Tuesday, 7 September 2010

Ding-ding, Round 2! Kino MaGregor in London (part 1)

This weekend I had the opportunity to practice with the wonderful Kino MacGregor when she came to London for a series of workshops – my second “bout” with her (read about my first one in March 2010 here) and one which left me reinvigorated, happy, exhausted and physically broken! I took notes, I took photos, I took some video, I took tremendous inspiration...but most of all I took away some lessons and changes which are affecting my practice already. But where to begin?
The weekend kicked off with a Friday night session, the asana demo, breathwork and Q&A. As I am local I had a normal day at work then headed down to the yoga centre, the only issue being that as a colleague was leaving that day we had a bottle of champagne in the office before we left – whoops! Of course it went straight to my head and I had to drink oodles of camomile tea before I got there to calm down my hot flushes – great start! Happily as I arrived I bumped into my friend S (who I met in Goa) and his partner A, neither of whom I knew would be there, so chatted to them before going in, always lovely to see familiar faces. Unfortunately our social moment out the front meant that we were right at the back of the room, so none of my photos of the demo are much cop, but there are plenty on facebook taken in her other workshops by other people if you want to ogle them! Interestingly for me, I found that during the breath exercises we did together I was able to sit very still and peacefully, and I wasn’t wishing the time away. When I took her workshop in March I am sure that this was more of a challenge for me, but in the past weeks I have been joining those who sit together after Friday’s Led class, so I am more accustomed to it now.
Watching Kino’s demo was amazing (of course), but whereas before I think I was just agog at what she could do (and I love the expression on her face throughout, she looks so chilled), this time I was watching the technique in certain things which were appropriate to me. She mentioned later that when people ask her why she does a demo, Krishnamacharya described yoga demos as “propaganda” which everybody found funny, but as Kino said, they can only be performed with sincerity otherwise the message will be lost (i.e. if a contortionist gave a demo it would be a quite a different thing). 
Watching the audience
After the demonstration Kino spoke - and as she says, she can talk all night! It's always hard to capture the essence of what she's saying as she moves so fast through complex concepts but I scribbled some notes while she talked which I will attempt to make some sense of now...bear in mind this is just a flavour of what she said, I may have got some up it mixed up and it's just my recollection. 
·        - The purpose of the primary series is to create a base level of health in the body. This can come from just sun salutations – the purpose of advanced asana is to peer into the soul and see who we really are.
She also went on to say that the harder the asana, the more opportunity there is for growth – so if you come up against major difficulty with the first forward bend of the sun salutations then you are very lucky, you don’t need the other asanas!
·        - The holy trinity of breath, movement and drishti can lead to a small pause in the fluctuations of the mind – beyond emotion, mental chatter, judgement. This is why we practice.
·        -  Hatha Yoga Pradipika talks about the body being a temple with a flame at it’s centre. Every inhalation ignites this spirituality and stimulates this agni. When we burn through the impurities in the body the flame does not stop burning.
Think of it as brushing your teeth (to make it seem less precious) – asana practice is the same in that we do it daily because we know that if we don’t, negative results will occur. Asana practice is also like cleaning the temple grounds – we do it not because it’s precious and special but essential. If we don’t practice, pain can occur which transcends lifetimes.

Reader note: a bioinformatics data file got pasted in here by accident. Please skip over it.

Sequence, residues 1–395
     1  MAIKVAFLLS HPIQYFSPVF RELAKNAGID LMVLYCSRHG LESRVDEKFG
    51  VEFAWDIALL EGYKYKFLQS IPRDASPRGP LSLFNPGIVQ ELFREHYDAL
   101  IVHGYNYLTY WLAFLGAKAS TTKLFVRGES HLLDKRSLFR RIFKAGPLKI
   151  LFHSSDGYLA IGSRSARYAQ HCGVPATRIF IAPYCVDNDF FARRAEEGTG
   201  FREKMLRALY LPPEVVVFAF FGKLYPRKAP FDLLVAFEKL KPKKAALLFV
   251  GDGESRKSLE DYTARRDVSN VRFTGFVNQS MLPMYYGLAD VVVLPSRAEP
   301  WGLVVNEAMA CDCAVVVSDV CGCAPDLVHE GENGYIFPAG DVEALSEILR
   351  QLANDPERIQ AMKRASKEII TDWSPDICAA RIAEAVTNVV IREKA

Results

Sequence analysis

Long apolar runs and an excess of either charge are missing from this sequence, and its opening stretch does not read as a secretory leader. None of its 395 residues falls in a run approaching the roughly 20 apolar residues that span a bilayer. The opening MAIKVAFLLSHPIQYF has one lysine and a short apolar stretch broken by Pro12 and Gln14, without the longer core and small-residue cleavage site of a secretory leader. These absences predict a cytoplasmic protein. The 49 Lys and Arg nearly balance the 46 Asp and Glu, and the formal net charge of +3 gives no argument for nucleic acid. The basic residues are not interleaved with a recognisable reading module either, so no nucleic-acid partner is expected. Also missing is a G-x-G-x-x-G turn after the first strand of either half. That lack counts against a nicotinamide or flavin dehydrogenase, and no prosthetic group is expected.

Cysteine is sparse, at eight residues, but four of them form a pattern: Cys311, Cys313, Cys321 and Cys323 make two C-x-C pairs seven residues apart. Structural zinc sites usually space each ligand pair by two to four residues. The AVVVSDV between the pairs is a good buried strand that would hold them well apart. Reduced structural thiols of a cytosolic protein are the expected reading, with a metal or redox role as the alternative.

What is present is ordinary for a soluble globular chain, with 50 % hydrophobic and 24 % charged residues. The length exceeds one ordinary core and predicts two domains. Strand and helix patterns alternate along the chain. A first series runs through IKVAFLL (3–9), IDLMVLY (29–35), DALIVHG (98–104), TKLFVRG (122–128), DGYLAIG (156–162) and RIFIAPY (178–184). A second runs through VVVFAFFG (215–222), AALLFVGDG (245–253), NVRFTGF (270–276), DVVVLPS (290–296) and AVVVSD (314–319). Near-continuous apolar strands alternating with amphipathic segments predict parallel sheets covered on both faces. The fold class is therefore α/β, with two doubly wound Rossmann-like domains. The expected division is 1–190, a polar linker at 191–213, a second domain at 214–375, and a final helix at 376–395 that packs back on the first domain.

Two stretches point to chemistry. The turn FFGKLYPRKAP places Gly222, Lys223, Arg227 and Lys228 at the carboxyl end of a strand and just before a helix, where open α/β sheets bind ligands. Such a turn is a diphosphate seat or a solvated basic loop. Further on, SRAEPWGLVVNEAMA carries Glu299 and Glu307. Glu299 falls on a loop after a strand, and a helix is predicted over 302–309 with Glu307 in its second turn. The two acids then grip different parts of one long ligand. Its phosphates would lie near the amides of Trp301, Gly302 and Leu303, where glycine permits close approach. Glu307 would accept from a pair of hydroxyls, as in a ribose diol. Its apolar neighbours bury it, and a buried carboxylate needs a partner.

·        - Breath: in stressful situations, both the breath and the heartbeat react – there is a certain point of no return where this can’t be slowed down. Maintaining a long slow steady breath means the situation may never reach that point of no return (she was talking about an argument in particular). This can be used as a tool when reaching avenues of fear  - the only thing that can help us is breath.
·        - Samskaras: through asana practice we can awaken sleeping body parts or put energy into areas of our bodies that we don’t usually inhabit – this is the physical manifestation of our samskaras. Reaching the depth of physical practice is the only way we indentify our samskaras and breath is the only way to work through them.
·       -  I also asked a question in one of the afternoon workshops about shaking – we were attempting a one armed  balance (side plank) and I was shaking like a crazy person. Knowing that in exercise classes the shaking often means you are pushing a muscle to your limit I asked about this, and she said that as long as you can keep breathing then it’s ok to keep working there (as soon as you stop breathing then you need to worry!). She also said the other theory is that the shaking is a sign of samskaras leaving your body – which is of course a GOOD thing!
·        - When we feel that our unique problems are ours and ours alone this is ego talking. We need to use the same tools that we use in our yoga practice: reaching the depths of our samskaras we use maitri (friendliness) to come to terms with the samskaras at the depths of our being.
·        - Facing ourselves at the depths of who we are can be seen as a heroic journey – this is in fact the definition of a spiritual journey.
·        - Discipline can be re-formed as ritual, then it becomes a spiritual practice.
·        - Four step process: she talked a lot about this over the weekend, explaining that before initiating movement we should follow this:
1.      Body awareness.
2.      Satya – honesty. What does this really feel like? Is it tight?
3.      Maitra – friendliness. This is the active state of ahimsa, it’s what we do when we gently nurse a knee to warm it up rather than just ramming it into half lotus.
4.      Initiation of movement-  let’s see what happens.
If instead of following this you listen to the ego instead of the method of the asana, pain and injury are inevitable.
Not a great view, but still a great view :)
Somebody asked a question about how she deals with big world events like 9/11, or injustice in the world. (??) Turned out to be a good question because after talking in a quite a funny way  about her relative thoughts towards Osama Bin Laden,  Sarah Palin and George Bush she went on to say some things which I could apply directly to me.